Make-believe is the real thing for 'Journey' star Brendan Fraser

Roger Moore
The Orlando Sentinel (MCT)

If anybody knows the secret to how one acts when starring in big-screen, big-effects summer movie spectacles, it's Brendan Fraser. The guy's done two Mummy movies, with a third in theaters in August. And he's in "Journey to the Center of the Earth," a 3-D action epic, opening Friday.

"I have to believe what I'm playing against is real," says Fraser, who faces a T-Rex and gigantic Venus flytraps in "Journey." "If I don't, the audience will sense that, and the movie won't work."

So the director, Eric Brevig, has to be the one who gives Fraser's trade secret away.

"He'll slug down a couple of Red Bulls, one right after the other, before a big scene," Brevig says, laughing. "That's technique!"

Fraser, 39, has done his share of edgy, indie fare, turning in winning performances in films from "Gods & Monsters" to "The Quiet American" and "Crash." But his forte is lighter fare, and his niche seems to be big, family-oriented action-adventures. He loves the idea of making movies his kids (he has three) would love.

"You do something like this and you watch a kid of 8 sit through it and you know what unbridled glee looks like," Fraser says.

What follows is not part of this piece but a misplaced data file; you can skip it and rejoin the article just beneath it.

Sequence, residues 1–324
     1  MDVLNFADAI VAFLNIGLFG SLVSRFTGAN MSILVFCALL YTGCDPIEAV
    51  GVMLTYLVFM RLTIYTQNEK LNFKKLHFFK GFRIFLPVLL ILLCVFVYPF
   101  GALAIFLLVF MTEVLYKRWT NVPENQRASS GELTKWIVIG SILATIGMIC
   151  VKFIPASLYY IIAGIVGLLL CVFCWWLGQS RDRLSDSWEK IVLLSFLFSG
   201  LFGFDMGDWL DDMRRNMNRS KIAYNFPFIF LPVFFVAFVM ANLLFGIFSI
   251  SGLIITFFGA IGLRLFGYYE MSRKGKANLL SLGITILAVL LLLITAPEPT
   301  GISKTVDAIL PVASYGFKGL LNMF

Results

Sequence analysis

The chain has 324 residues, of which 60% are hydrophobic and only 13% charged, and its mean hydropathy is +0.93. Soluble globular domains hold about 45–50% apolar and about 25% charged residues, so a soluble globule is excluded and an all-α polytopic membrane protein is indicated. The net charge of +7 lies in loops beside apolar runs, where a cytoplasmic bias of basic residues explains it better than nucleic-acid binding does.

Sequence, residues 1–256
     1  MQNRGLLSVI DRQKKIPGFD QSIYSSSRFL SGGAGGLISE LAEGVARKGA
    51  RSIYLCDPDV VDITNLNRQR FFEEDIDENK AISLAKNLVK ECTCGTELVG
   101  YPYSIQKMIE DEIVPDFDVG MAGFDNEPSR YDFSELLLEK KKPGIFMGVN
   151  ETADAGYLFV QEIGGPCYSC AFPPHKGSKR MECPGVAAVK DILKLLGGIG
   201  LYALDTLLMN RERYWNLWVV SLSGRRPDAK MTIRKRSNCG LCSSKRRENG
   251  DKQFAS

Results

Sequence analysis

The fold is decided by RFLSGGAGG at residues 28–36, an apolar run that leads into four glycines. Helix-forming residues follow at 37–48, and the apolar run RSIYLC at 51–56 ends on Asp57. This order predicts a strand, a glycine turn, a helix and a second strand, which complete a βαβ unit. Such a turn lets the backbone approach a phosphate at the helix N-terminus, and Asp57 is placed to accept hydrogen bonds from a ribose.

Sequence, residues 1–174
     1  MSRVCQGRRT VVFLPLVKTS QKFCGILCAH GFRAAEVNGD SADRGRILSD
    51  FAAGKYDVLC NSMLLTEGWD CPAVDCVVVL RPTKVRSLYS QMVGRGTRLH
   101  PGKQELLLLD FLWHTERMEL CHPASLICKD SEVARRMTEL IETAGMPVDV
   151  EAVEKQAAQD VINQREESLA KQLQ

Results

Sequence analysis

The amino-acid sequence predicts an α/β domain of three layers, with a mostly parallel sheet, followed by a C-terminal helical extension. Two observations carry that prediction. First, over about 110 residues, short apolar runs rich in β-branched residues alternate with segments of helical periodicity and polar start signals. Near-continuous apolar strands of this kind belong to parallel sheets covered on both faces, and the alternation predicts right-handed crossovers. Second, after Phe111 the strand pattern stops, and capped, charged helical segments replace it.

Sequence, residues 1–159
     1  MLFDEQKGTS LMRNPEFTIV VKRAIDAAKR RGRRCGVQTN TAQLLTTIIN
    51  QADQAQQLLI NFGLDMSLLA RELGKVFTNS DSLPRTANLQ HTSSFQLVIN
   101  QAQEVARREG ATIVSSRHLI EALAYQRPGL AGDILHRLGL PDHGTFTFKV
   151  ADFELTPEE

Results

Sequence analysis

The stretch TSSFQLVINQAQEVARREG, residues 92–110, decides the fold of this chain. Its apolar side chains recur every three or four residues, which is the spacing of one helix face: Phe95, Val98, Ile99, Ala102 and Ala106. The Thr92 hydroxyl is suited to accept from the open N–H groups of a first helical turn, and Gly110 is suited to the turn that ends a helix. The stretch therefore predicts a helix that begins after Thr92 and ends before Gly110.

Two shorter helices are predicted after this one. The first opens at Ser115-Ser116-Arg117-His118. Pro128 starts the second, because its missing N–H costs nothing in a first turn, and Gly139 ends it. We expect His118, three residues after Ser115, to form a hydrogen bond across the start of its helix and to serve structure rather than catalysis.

And if family film is his niche, his MO as an actor doesn't hurt. He's a nice guy. Everybody says so. "Approachable" reads his bio on the Internet Movie Database. Funny, too, a bit of a goof. He won the job in the break-out hit "George of the Jungle" by working out for months, then tearing off his shirt in the audition. He tries his hand at a James Mason impression when recalling the 1959 big screen version of "Journey to the Center of the Earth."

"Brendan's just an incredibly likable human being," offers his "Air I Breathe" screenwriter, Bob DeRosa. "Very charming and funny."

"He's fun to watch as a guy who can't seem to do anything right," says Brevig.

And "his 'big dumb guy/Dad' persona can carry a film," adds the movie biz website

Which is why you can look forward to seeing him in "three gorgeous dimensions" in "Journey to the Center of the Earth," in August in "The Mummy: Tomb of the Dragon Emperor," and early next year in the fantasy "Inkheart," based on the Cornelia Funke novel, playing, yup, "a dad, who, little does his daughter realize, when he reads aloud can make things in the books become real."

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